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Australia and Canada have relinquished their status as preferred international education destinations, with globally mobile students turning instead to the United States.

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A survey by global services company IDP Education suggests that policy volatility in Australia, Canada and the United Kingdom is unsettling international enrollments, as 41 percent of prospective students reconsider their study abroad plans.

The U.S. appears to have been the main beneficiary, claiming top spot in a league table of first-choice destinations—up from fourth place the last time the survey was conducted, in August 2023. The surge in U.S. popularity has occurred mainly at the expense of Canada, which tumbled from joint first to fourth place.

Australia also lost ground, slipping from equal first to second on the league table, with the U.K. retaining third place.

The survey, the latest iteration of IDP’s Emerging Futures series of studies, collated the views of more than 11,500 prospective and current international students from 117 countries. The findings suggest that many people consider the U.S., with the looming possibility of a second Trump presidency, to be a more reliable education prospect than its anglophone rivals.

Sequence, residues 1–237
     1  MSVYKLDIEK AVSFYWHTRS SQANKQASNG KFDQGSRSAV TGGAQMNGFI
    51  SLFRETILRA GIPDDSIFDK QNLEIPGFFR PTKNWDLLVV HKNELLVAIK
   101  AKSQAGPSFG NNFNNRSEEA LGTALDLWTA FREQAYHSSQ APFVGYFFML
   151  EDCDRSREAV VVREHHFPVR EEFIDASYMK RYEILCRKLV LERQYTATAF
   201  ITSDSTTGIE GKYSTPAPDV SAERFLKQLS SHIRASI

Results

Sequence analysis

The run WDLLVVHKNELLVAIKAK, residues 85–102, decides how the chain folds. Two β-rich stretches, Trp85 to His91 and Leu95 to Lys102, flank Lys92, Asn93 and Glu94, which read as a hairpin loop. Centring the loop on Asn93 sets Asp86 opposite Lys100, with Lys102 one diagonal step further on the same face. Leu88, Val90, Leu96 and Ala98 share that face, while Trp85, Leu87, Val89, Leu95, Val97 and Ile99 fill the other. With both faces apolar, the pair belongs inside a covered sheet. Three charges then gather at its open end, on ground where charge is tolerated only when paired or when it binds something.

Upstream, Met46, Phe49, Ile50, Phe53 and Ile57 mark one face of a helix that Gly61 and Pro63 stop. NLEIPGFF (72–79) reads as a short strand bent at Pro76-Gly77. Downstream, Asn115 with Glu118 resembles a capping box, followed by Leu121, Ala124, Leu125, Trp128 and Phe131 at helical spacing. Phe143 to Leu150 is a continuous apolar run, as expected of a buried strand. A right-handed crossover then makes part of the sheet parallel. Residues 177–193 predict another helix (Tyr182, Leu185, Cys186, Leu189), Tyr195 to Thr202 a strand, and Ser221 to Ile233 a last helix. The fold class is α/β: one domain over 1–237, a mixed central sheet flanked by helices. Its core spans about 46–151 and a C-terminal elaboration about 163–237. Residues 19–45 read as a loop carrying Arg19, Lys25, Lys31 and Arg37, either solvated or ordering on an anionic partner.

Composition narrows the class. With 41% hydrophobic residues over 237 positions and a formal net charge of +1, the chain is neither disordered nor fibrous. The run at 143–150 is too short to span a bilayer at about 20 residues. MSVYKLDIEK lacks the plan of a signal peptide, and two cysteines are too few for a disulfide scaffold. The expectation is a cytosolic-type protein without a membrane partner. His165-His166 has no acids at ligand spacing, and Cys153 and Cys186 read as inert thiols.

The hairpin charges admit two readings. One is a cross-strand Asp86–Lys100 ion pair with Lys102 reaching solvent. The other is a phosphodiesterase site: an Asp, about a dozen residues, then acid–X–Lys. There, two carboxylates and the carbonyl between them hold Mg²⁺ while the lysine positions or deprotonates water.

IDP Education chief executive Tennealle O’Shannessy said the results demonstrated the impact of “visa and policy disruption” in destination countries.

“Demand is inevitably being affected, and it is increasingly difficult for driven and bright students across the world to pursue their global goals,” she said.

The findings come as Canada implements a new cap on student visas, and as Australia implements new visa processing policies that have put extra obstacles in the way of students from Southeast Asia, Africa and Latin America. Meanwhile, the U.K. has barred graduate students from bringing dependents with them for the duration of their courses, and is reviewing its post-study work visa.

Simon Emmett, chief executive of recruitment arm IDP Connect, said students were determined to bring their “global study dreams” to life.

“But [they] are sensitive to policy changes,” he said. “Governments in the U.K., Australia and Canada need to provide clarity on international student policies in order to maintain the competitive advantage they have in this global industry.”

Survey participants ranked the U.S. highest for quality of education, graduate employment opportunities and value for money. They considered the “availability of graduate employment schemes” to be a hallmark of educational quality, alongside institutional reputation and ranking and diversity of academic programs.

Demand for jobs in the destination countries was generally considered more important than demand at home, the survey found.

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